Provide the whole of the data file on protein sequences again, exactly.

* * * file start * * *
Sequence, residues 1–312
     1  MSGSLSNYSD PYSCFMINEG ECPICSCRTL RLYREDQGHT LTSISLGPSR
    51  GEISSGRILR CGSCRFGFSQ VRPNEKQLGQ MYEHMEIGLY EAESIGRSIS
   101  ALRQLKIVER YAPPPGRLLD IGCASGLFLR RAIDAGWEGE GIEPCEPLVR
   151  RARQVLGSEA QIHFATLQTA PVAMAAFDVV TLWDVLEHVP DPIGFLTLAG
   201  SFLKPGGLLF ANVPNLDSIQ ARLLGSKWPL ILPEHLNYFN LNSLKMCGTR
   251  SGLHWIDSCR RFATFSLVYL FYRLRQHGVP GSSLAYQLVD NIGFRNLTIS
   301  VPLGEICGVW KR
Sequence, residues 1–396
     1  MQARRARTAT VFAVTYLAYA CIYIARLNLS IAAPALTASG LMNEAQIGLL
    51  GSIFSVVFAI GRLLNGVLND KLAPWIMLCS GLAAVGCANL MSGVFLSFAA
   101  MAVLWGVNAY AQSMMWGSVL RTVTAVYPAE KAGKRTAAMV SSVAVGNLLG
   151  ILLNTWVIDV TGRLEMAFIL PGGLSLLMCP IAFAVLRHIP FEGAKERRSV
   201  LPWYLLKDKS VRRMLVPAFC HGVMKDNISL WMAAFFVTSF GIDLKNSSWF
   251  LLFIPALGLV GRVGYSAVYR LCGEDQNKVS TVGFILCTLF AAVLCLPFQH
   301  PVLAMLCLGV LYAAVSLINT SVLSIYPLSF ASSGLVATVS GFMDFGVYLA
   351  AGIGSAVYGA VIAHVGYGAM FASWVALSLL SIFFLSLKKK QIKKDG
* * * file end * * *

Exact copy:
Sequence, residues 1–312
     1  MSGSLSNYSD PYSCFMINEG ECPICSCRTL RLYREDQGHT LTSISLGPSR
    51  GEISSGRILR CGSCRFGFSQ VRPNEKQLGQ MYEHMEIGLY EAESIGRSIS
   101  ALRQLKIVER YAPPPGRLLD IGCASGLFLR RAIDAGWEGE GIEPCEPLVR
   151  RARQVLGSEA QIHFATLQTA PVAMAAFDVV TLWDVLEHVP DPIGFLTLAG
   201  SFLKPGGLLF ANVPNLDSIQ ARLLGSKWPL ILPEHLNYFN LNSLKMCGTR
   251  SGLHWIDSCR RFATFSLVYL FYRLRQHGVP GSSLAYQLVD NIGFRNLTIS
   301  VPLGEICGVW KR
Sequence, residues 1–396
     1  MQARRARTAT VFAVTYLAYA CIYIARLNLS IAAPALTASG LMNEAQIGLL
    51  GSIFSVVFAI GRLLNGVLND KLAPWIMLCS GLAAVGCANL MSGVFLSFAA
   101  MAVLWGVNAY AQSMMWGSVL RTVTAVYPAE KAGKRTAAMV SSVAVGNLLG
   151  ILLNTWVIDV TGRLEMAFIL PGGLSLLMCP IAFAVLRHIP FEGAKERRSV
   201  LPWYLLKDKS VRRMLVPAFC HGVMKDNISL WMAAFFVTSF GIDLKNSSWF
   251  LLFIPALGLV GRVGYSAVYR LCGEDQNKVS TVGFILCTLF AAVLCLPFQH
   301  PVLAMLCLGV LYAAVSLINT SVLSIYPLSF ASSGLVATVS GFMDFGVYLA
   351  AGIGSAVYGA VIAHVGYGAM FASWVALSLL SIFFLSLKKK QIKKDG